On reflection that is quite a dramatic statement to make. But reflecting on it further it is obvious that this little boy has himself brought incredible positive change to my life. That, in my opinion needs rewarding and acknowledging. So, I hope to embrace the wonders which Britain has to offer and records that with my camera. One day all that history, represented in castles and architecture could be demolished. All those green rolling mountains, could be built upon. I don't think it's safe to assume anything these days. But I do need to ensure that my little boy gets to enjoy his country before it is destroyed any further.
When I received grief for speaking out about what has happened to me, there are moments when I wonder if that person who is calling me a racist is in fact a family member. I have not spoken to any of my family members about what is happening to me since I revealed the incident to one friends and didn’t feel I got the support I should have. So, knowing my family's political leanings and where they stand on immigration, refugees and migrants and knowing how infuriated they become by those who oppose it, I am sometimes left wondering if perhaps it is my family members who give me grief from behind a computer screen. Which then leads me to wonder, how would they feel if they found out that it was myself their own family member and a genuine rape attack, who they were verbally attacking? Is it therefore better to assume that someone who tells such a story about rape is being genuine? And if that person who alleges such a crime is clearly of a similar racial background to yourself and from the same continent or country as yourself is it not wise to try to be empathetic towards what they are alleging whether it fits your own political beliefs or not?
How would you feel if someone confided in you as a stranger searching for help something that contradicted your political beliefs? And on that basis you condemned them rightly or wrongly. With condemning them you ultimately shame, humiliate, and belittle the trauma which they may or may not have faced in reality. The fact of the matter is you may never know whether it was fact or fiction. But what if having handed out that type of abuse you learned sometime later not only that the person, the stranger on the Internet has not only been telling the truth but unbeknown to you and unbeknown of them you were actually related. Try to consider all of the times which you have kept significant secrets from your relatives and immediate family. Now consider why you kept such significant secrets from your relatives and immediate family. And finally now contemplate why a relative or immediate family member might keep something secret from you. It is usually those with strong belief systems we fear exposing to our own truths on the basis that we are unable to predict their response.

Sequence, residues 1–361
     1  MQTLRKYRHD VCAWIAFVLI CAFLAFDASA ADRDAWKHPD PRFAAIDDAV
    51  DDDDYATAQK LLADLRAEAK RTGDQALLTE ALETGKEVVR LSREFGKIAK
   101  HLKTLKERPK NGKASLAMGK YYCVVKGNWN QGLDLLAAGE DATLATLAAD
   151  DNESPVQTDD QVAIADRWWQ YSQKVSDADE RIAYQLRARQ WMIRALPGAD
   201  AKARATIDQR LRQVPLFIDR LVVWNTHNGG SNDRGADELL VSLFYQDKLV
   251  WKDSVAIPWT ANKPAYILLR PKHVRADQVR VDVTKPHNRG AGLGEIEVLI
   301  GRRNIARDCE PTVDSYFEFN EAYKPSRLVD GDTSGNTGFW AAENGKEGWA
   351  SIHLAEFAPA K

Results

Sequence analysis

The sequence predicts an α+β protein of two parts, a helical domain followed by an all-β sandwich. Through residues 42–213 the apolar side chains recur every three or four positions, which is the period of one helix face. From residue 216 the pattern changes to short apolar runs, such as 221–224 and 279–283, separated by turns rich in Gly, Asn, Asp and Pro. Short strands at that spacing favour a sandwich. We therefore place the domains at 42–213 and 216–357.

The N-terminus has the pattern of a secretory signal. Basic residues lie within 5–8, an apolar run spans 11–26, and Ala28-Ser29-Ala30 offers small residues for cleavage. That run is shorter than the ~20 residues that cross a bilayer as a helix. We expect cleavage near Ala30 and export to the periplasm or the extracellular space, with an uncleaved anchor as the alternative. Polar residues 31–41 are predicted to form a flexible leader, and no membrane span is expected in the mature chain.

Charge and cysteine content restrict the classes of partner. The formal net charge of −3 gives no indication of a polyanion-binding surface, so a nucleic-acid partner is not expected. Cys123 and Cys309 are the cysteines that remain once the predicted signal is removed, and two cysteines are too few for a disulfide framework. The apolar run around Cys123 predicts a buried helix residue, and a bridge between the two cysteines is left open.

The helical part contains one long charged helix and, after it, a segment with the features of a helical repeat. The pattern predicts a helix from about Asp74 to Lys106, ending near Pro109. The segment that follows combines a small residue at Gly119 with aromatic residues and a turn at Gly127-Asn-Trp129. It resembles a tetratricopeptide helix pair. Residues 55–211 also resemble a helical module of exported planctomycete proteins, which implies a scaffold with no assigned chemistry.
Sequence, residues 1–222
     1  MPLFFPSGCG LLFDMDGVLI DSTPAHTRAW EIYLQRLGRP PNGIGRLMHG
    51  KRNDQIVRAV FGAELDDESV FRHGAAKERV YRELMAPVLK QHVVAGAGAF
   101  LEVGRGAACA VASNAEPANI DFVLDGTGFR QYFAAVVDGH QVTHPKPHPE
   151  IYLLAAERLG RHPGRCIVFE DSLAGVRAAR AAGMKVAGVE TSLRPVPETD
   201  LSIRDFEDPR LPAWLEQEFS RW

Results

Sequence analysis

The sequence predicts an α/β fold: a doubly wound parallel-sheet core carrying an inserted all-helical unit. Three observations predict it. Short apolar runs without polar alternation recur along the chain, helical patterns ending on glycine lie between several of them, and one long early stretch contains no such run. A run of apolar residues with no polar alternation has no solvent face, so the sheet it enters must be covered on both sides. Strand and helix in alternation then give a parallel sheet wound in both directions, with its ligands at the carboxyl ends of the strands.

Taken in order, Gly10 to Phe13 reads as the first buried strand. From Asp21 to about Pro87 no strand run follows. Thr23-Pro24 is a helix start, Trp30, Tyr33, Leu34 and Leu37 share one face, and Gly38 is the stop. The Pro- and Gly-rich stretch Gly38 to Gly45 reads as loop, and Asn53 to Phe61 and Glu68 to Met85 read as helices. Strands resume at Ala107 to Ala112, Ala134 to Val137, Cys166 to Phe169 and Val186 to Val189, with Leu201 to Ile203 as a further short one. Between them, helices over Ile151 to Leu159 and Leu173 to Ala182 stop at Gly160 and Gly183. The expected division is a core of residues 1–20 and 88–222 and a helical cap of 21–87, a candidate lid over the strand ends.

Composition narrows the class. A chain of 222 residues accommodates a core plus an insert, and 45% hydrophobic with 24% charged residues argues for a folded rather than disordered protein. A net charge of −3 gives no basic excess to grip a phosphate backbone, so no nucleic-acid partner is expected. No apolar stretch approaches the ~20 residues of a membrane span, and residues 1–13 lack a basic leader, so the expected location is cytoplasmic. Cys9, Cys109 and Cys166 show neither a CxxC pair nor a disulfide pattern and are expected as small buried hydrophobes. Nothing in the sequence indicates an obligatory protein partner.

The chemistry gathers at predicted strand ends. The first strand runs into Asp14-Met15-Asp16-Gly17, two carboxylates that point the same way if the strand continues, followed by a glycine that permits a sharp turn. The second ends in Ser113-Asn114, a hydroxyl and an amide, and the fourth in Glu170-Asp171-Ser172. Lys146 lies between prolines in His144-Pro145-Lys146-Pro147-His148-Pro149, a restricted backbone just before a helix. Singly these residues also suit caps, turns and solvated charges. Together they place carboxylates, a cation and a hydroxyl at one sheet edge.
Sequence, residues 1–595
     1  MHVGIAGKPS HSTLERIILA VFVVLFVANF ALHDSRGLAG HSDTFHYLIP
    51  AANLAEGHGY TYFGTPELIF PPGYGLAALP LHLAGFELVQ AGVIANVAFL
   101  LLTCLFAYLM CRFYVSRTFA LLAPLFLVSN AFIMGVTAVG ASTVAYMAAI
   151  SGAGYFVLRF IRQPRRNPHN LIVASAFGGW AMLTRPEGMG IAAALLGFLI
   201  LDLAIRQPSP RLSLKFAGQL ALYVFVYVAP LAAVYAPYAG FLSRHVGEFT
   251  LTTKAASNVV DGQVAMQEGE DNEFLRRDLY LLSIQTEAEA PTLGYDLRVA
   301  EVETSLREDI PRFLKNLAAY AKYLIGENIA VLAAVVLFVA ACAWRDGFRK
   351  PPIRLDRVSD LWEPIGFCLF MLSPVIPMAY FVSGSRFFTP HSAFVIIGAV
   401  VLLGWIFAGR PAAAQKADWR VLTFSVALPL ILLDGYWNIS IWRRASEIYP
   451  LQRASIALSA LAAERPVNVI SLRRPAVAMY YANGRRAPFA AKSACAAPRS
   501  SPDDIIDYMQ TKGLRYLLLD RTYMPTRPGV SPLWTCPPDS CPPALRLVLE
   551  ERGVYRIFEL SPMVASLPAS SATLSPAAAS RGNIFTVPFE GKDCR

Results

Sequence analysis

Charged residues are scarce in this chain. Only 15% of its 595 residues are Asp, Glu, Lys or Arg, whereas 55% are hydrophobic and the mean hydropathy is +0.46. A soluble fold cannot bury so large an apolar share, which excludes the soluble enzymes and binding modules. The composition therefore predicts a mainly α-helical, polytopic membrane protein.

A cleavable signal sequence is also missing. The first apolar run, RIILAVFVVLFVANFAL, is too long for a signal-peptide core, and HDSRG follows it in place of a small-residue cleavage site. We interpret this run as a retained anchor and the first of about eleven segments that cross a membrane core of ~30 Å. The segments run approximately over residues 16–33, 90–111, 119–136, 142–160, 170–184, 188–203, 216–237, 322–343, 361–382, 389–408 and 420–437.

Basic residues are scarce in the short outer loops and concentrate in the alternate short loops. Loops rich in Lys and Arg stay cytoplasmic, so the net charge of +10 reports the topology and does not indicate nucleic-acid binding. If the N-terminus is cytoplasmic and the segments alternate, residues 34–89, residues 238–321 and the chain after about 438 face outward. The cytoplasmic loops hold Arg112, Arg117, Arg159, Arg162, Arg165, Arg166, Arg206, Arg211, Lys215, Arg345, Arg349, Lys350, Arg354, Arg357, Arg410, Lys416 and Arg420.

It is not unheard of that people are under the misconception that their belief system is a moderate one. This might be particularly so politically in those who are lacking in any religious beliefs. It may not. It is these groups who may consider that because they are open-minded from a religious perspective that they are open minded on the political front. So, consider whether you follow a political pattern and follow particular political beliefs or whether you are also politically open-minded. Do you scorn those with opposing political ideologies on the television or YouTube? Are you unwilling to listen to their thoughts and opinions? I suspect that in the same way I fear telling my left-leaning family that I was raped by a migrant man, I would also fear telling a white nationalist family member of rape by a white man or a Muslim family member about a rape, had it have been the case.
On this basis it could very much be considered the case that it is politics as well as religion which is divisive within our society as well as our families. Referendums such as the Scottish referendum and the UK referendum as well as the Catalonian referendum all show how divisive a yes, no question can be in such a politically passionate climate that we currently have. This political passion and climate has without a doubt been devised by multiculturalism, a feeling of being overprotective towards certain groups and minorities and a yearning to enforce that overprotective feeling onto others. In fact it could be regarded as a cultural and a societal passion as opposed to a political one, but simply dressed up as that. So if you have a deep passion for particular groups in society or specific religions or political movements then you might be someone who is unapproachable to others.
So how can we become indifferent not only to politics but to the experiment of multiculturalism and religion when we live all side-by-side? For myself I have lacked any interest in mainstream media, I have kept out of politics and I have distanced myself from religion in an effort to prevent any of those becoming my identity and surrounding myself with similar like-minded people. The difficulty which I have come across is when I am sharing something so personal such as the rape with somebody and speaking of his different racial background. His race is his identity. As is my racial identity. It is part of his description. He was a stranger to me. How else do I describe a stranger than to note their appearance. If that appearance is different to mine, does that observation of such difference make me racist? He spoke with broken English. Does that observation to describe him make me xenophobic? I’m sure a stranger would describe me as a Caucasian female with green eyes and brown hair. And that would not be offensive to me or anyone else.